Diabetes mellitus is the leading cause of end-stage renal disease. Monitoring and controlling normal blood sugar levels play a critical role in slowing the progression of micro- and macrovascular complications of diabetes. This study was conducted to measure glycaemic control and diabetes-related knowledge in diabetic patients on maintenance haemodialysis and to assess any relationship between these two variables.
This cross-sectional study was conducted at six dialysis centres in the north of the West Bank. Blood samples were collected to measure glycated haemoglobin (HbA1c) levels, while the Michigan Diabetic Knowledge Test (MDKT) was employed as a measure tool of diabetes-related knowledge. Patients were also asked to fill in a questionnaire in order to determine their sociodemographic characteristics. Finally, univariate analyses were used to measure the associations between the clinical and sociodemographic data, and diabetes knowledge and glycaemic control.
A total of 147 haemodialysis patients with diabetes were included in this study. The mean age of the cohort was 60.12 (SD = 10.28). Males accounted for 51.7% of the cohort. The HbA1c levels (%) and MDKT scores were 6.89 ± 1.72 and 9.19 ± 1.7 (mean ± SD), respectively. 36.1% of the patients had poor glycemic control. The study showed that residency and household income were associated with diabetes knowledge (P < 0.05). However, the study did not show a significant association between diabetes-related knowledge and glycaemic control overall, nor did it show a significant association between the clinical and sociodemographic factors and glycaemic control (P > 0.05).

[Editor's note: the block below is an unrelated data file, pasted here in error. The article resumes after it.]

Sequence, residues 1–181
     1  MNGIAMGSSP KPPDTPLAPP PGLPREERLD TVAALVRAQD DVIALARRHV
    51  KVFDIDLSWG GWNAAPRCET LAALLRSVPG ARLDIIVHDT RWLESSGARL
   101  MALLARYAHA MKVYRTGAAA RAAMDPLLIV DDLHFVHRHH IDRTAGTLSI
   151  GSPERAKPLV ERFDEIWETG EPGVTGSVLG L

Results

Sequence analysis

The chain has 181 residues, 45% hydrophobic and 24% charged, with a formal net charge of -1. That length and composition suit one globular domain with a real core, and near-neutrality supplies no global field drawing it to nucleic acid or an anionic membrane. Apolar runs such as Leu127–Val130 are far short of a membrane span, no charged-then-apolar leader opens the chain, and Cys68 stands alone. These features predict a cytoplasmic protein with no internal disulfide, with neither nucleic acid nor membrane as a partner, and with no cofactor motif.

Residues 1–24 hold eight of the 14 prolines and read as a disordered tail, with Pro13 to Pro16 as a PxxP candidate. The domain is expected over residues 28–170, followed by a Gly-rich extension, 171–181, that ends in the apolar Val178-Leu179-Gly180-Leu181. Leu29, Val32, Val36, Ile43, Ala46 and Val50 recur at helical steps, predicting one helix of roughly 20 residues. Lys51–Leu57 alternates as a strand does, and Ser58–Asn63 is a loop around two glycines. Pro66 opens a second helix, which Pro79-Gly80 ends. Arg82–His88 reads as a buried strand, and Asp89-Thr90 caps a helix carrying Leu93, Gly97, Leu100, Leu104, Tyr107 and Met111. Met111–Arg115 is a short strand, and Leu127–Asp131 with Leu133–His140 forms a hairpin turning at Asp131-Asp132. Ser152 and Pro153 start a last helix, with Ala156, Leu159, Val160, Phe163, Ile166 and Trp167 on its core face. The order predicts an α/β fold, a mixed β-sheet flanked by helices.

This study showed that patients living in refugee camps as well as those with low income had low diabetes-related knowledge and needed extra care. This study also revealed that a relatively high proportion of diabetic patients on maintenance haemodialysis suffered from poor glycemic control. Here, we recommend to put greater emphasis on better diabetes-related knowledge as a means to achieve better diabetes care with improved glycemic control for all haemodialysis patients